What is it? Is it safe? How do I start?
When our littlest one started solids a couple of months ago, we decided to do something a little different than with our first. We decided to try baby-led weaning, and can I tell you it is probably one of my favorite things! It is such a time saver! Not only do I not have to spend time making his pureed baby foods, baby H feeds himself and at the same time the rest of the family sits down to dinner. We are able to enjoy our meals as a whole family (and I get to eat it hot!!)
So what is baby-led weaning?
It’s where you skip pureed and mashed up baby foods all together and give your little one finger foods from the get go. There are lots of benefits to baby-led weaning. 1.) It lets babies be in control of how much they eat and doesn’t let us as parents push extra food they don’t need. This allows them to really learn how to listen to their bodies and know when they are full, which makes them less likely to be overweight. 2.) It lets babies learn how to chew (or gum) then swallow their food-which is what they will have to learn either way, and it aids in digestion. 3.) It lets babies develop their hand-eye coordination. 4.) It lets babies get more familiar with different flavors and textures (which hopefully will keep them from being picky eaters, no promises though!)
Is it safe?
Yes! You just have to provide a watchful eye over your little one, especially as they get the hang of it. One thing to know is that as your baby learns how to feed themselves, they might gag. This is totally normal as they are figuring out how to move lumps of food around in their mouths. It is also a safety response as food gets too far back in their mouth. You also need to know there is a difference between gagging and choking. Gagging is when your baby makes a little noise or cough to keep food from going too far into the back of their mouth. The best thing to do is to keep an eye on them and stay calm; your little one will most likely resolve the problem on their own. Gagging happens less and less often the more practice your baby gets. Choking on the other hand is SILENT and your baby will most likely look terrified and be unable to breathe.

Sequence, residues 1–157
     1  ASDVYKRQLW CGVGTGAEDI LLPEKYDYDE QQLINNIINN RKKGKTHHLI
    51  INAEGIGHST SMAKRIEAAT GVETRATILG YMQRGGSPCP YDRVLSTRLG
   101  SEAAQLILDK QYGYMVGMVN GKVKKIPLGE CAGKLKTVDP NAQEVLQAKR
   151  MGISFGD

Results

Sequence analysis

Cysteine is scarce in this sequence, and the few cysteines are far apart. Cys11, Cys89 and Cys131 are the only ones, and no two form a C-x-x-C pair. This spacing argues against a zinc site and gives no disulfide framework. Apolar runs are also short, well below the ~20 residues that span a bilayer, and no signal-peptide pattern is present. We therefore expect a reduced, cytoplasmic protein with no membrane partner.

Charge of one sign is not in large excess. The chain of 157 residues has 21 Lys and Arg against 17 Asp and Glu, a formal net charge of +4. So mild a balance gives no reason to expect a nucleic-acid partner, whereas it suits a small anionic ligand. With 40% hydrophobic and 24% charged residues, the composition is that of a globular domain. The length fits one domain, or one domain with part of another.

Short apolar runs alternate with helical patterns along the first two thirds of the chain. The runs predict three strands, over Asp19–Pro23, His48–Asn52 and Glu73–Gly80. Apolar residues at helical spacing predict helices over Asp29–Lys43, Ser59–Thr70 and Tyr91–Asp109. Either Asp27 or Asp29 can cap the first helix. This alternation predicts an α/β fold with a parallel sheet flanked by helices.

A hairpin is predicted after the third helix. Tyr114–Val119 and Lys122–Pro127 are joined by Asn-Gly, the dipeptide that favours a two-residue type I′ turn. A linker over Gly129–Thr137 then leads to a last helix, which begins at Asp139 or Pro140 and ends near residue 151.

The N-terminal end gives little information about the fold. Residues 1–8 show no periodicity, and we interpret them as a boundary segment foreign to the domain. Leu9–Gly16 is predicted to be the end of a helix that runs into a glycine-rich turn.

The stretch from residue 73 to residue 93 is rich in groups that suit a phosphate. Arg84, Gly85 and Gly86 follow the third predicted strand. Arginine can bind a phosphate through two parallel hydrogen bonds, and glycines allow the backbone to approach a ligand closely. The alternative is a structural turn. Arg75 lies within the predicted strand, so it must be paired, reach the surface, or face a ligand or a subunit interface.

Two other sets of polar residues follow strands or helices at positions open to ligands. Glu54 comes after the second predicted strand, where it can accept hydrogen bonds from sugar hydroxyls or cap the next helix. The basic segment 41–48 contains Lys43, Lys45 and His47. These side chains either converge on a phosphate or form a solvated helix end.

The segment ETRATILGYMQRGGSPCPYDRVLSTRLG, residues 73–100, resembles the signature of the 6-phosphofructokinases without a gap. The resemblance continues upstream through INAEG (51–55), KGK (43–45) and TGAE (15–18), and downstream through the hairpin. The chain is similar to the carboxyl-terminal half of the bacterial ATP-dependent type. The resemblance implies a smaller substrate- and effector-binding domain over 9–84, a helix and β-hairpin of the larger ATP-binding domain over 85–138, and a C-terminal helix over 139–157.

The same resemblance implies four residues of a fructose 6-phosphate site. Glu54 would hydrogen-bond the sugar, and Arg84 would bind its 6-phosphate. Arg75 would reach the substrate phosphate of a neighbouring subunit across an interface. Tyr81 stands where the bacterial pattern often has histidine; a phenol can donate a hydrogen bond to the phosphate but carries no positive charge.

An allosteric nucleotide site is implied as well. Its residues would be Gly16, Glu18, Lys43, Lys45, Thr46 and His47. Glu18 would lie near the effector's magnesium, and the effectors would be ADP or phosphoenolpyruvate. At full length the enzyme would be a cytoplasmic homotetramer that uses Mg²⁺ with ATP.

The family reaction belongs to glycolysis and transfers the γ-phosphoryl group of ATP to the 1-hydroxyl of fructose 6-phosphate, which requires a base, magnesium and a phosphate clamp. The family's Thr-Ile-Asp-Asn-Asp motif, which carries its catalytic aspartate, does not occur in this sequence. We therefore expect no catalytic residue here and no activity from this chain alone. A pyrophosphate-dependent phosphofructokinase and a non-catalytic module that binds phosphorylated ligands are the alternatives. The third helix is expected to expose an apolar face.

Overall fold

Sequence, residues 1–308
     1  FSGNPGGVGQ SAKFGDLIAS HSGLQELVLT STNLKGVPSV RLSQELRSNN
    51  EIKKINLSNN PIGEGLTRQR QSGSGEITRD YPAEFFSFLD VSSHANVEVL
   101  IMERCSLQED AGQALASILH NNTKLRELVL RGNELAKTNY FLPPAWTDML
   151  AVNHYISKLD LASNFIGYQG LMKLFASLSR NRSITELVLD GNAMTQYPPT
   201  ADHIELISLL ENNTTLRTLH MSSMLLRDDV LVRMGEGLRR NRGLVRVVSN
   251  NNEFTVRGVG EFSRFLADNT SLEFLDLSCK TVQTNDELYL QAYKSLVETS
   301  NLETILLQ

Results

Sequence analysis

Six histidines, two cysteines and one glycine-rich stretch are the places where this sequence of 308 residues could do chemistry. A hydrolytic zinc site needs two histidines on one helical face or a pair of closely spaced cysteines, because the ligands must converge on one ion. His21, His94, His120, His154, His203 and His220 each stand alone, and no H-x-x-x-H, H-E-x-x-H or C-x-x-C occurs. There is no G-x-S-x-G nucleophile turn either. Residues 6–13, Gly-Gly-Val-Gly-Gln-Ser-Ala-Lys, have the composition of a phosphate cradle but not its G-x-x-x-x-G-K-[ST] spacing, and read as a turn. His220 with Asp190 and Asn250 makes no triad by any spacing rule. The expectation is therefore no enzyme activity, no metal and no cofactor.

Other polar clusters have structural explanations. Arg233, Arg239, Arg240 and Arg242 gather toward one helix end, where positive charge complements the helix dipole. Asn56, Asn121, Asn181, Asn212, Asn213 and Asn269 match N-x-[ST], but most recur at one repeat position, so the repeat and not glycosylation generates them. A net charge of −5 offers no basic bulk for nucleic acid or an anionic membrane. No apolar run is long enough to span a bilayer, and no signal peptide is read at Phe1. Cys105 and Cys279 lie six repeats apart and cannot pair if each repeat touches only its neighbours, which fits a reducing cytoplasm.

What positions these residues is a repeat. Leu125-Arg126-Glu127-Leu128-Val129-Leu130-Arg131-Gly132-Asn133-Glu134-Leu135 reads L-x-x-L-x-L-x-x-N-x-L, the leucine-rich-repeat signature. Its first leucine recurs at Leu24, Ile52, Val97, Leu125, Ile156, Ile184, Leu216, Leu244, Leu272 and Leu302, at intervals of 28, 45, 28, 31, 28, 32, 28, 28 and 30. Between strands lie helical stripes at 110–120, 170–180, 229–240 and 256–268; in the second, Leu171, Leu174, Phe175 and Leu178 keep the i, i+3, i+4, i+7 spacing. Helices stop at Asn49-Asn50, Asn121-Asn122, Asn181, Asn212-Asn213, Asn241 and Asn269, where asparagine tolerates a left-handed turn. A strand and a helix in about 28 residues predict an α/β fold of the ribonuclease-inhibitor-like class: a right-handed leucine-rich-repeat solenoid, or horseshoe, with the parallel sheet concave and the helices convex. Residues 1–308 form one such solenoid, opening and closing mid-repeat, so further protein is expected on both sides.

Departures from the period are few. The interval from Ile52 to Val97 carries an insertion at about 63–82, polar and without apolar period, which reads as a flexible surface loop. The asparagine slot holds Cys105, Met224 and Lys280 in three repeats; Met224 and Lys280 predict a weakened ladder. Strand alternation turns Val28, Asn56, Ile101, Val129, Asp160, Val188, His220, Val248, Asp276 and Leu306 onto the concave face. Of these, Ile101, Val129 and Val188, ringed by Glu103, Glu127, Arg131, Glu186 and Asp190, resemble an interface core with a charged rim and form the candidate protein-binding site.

To practice safe baby-led weaning make sure you never leave your baby alone with food. Always have eyes on them and limit the amount of food on their table. Avoid serving hard foods that a baby cannot gum and choking hazards such as nuts, whole grapes, popcorn, hotdogs, and fruits with skins on them, etc. Finally make sure you keep your baby upright in their highchair while eating. Follow these safety precautions and you and your baby will have so much fun exploring the wide world of new foods.
Where do I start?
First your little one should be at least 6 months old and able to sit up on their own. You should also talk with your pediatrician if this is something you’re interested in. Most babies will get the go ahead but it’s always best to double check incase there’s something your doctor wants to focus on. It also gives you a chance to ask any questions you might have.
Once you get the green light the first thing I’d do is invest in a good bib. My favorite is a silicone bib with a big pouch to catch all the food he drops. You also might be interested in a sheet to put on the ground to catch food… or maybe a dog. Then you’re ready to make their food. Make sure that you cut the food into thick strips so they are easy to hold onto and chew on from the top down. For things like peas and blueberries I smash them so they are more flat than round. This makes it easier for a baby to chew as well. Do not start off cutting them into tiny pieces. Also you need to make sure any hard foods i.e. broccoli or apples are steamed or roasted before giving them to your baby. It’s always good to start with single ingredient foods and wait a few days before introducing a new one to check for any allergies. I also like to only give 1 or 2 pieces at a time to reduce the amount of food my little guy can put in his mouth at one time. This helps to avoid gagging as he has learned to chew foods.